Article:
“In certain circumstances, gas can escape (from the connecting pipe) and in an uncontrolled manner and in extremely rare cases a risk of explosion can arise‚” the so-called “safety notice” warned in early April. The notice was placed in two Afrikaans newspapers three weeks later.
But of the 1‚000 affected stoves sold in South Africa‚ the owners of just 120 of them have responded‚ and subsequently had the gas nipple and the blank-off cap of their stove’s connector replaced‚ at no cost. That leaves 880 potentially explosive Bosch stoves in operation almost two months later.
“Our call centre is actively contacting customers with the affected models on our database‚” said BSH Home Appliances communications manager Elizabete Nelson. “We started off by notifying all our distributors and asking them to assist with customer data. We have a dedicated workforce working on this initiative.”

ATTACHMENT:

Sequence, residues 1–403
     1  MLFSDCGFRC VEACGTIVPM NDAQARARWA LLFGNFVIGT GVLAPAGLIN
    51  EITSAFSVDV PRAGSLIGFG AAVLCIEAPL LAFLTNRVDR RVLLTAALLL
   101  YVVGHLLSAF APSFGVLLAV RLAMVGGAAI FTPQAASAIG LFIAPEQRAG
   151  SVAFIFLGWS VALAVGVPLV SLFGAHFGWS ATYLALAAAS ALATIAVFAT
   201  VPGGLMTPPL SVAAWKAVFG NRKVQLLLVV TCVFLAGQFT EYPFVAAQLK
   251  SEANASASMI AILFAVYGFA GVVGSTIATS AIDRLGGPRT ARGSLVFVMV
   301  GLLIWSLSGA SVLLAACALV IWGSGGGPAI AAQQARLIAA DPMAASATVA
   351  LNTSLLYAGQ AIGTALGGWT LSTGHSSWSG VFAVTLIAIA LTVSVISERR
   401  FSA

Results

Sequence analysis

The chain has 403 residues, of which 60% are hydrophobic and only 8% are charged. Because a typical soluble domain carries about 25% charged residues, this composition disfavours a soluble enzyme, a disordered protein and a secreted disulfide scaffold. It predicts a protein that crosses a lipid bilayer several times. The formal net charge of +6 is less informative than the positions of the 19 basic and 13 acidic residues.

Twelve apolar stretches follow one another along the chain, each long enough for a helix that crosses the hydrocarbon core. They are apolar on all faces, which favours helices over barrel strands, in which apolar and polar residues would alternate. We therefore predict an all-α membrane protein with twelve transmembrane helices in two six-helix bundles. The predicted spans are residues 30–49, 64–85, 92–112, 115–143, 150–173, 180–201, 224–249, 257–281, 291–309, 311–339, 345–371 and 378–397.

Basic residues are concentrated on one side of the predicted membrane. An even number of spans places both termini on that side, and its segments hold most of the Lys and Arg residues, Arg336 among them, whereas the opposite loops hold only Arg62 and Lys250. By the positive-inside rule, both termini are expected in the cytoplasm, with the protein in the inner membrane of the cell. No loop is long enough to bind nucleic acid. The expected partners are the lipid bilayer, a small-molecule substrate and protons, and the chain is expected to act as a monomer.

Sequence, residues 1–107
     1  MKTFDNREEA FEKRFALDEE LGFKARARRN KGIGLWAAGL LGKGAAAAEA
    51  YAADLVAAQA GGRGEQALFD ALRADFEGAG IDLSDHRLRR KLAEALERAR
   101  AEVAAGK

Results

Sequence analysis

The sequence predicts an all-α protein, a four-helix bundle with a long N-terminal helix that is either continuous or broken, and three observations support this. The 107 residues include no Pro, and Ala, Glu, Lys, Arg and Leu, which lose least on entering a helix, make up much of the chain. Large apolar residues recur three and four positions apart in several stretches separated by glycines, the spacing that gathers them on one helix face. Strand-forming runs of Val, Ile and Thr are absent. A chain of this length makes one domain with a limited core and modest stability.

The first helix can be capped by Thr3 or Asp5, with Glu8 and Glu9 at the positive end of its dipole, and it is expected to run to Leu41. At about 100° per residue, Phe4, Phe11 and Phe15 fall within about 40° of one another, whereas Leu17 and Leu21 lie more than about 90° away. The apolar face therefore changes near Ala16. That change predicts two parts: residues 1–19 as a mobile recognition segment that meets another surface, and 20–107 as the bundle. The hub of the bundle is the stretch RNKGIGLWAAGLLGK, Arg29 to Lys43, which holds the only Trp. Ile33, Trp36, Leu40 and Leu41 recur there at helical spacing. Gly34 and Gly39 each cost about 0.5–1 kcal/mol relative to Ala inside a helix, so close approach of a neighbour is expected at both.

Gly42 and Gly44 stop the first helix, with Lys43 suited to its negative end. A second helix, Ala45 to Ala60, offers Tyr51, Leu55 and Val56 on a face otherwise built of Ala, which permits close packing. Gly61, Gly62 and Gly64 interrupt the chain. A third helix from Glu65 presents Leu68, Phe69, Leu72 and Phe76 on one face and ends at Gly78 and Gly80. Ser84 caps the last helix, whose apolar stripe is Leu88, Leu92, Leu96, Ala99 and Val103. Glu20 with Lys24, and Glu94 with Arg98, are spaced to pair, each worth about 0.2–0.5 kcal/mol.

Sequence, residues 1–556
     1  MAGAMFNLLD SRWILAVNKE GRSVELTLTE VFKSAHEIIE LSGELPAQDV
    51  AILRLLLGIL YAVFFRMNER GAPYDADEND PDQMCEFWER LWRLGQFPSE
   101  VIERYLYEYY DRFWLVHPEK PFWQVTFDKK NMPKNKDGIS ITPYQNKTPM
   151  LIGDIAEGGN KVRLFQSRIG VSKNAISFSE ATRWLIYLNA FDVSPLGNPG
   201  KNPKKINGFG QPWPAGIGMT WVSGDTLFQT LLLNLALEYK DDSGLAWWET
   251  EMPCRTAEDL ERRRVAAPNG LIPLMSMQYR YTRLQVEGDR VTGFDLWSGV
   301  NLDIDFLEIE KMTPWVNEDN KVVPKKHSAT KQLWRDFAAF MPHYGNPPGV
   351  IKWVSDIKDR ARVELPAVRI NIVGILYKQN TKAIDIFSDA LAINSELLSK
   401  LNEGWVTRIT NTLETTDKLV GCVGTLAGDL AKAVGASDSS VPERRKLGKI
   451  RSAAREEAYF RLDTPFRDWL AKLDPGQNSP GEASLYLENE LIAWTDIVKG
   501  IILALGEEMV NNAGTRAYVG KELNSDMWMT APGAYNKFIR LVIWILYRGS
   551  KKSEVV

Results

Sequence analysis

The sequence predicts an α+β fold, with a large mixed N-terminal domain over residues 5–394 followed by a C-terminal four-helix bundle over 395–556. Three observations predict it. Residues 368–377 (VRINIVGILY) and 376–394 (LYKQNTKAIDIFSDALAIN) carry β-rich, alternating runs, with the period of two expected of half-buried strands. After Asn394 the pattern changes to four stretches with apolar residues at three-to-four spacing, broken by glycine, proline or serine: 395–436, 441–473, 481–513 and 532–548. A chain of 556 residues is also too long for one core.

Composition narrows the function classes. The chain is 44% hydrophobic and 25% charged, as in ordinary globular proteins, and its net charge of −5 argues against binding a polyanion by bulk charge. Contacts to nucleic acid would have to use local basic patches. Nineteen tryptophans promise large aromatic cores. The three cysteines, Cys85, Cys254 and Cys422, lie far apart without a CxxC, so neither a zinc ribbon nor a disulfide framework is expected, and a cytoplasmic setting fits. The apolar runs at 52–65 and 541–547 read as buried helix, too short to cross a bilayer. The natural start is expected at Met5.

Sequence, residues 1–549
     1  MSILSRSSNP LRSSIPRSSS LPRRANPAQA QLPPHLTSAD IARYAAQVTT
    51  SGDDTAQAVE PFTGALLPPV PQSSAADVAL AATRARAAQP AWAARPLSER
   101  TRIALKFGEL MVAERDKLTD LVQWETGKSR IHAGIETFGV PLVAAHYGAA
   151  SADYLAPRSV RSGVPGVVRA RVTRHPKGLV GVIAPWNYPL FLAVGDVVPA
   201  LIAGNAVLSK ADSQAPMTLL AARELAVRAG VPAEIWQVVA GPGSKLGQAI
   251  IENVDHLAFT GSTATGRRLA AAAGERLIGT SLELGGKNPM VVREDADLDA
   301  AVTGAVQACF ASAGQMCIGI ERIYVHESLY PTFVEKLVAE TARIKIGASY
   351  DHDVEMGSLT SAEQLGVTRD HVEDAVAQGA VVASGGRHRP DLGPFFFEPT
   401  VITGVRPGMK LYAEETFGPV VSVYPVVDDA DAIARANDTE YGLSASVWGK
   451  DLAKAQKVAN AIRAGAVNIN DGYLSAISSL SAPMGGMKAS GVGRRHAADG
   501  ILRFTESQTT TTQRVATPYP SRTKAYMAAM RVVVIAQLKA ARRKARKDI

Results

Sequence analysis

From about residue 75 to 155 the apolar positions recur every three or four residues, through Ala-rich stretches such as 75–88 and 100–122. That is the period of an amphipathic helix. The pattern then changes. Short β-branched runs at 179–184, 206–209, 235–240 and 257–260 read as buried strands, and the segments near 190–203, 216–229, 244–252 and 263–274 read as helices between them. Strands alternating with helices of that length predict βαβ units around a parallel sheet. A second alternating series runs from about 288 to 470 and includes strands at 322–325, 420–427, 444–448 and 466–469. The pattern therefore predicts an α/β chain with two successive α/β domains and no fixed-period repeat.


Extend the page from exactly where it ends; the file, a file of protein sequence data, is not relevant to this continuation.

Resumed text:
The explosive problem was first identified last year‚ the affected stoves having been sold into many countries around the world‚ including 11 sub-Saharan African countries.
In October‚ the Australian Competition and Consumer Commission issued a recall notice for 600 affected appliances in that country.
Asked why BSH wasn’t calling the initiative a recall in this country and what role the National Consumer Commission (NCC) was playing‚ Nelson said BSH had labelled it “a repair action campaign” and that the NCC had been informed and was being constantly updated.
“Perhaps calling it a recall was an Australian government requirement‚” she said. “We are trying to obtain more information.”
There had been no reports of the affected stove exploding or malfunctioning in SA‚ Nelson said.
For more information about the recall‚ call BSH on 0800 999 332.
Wendy Knowler – Tiso Black Star Group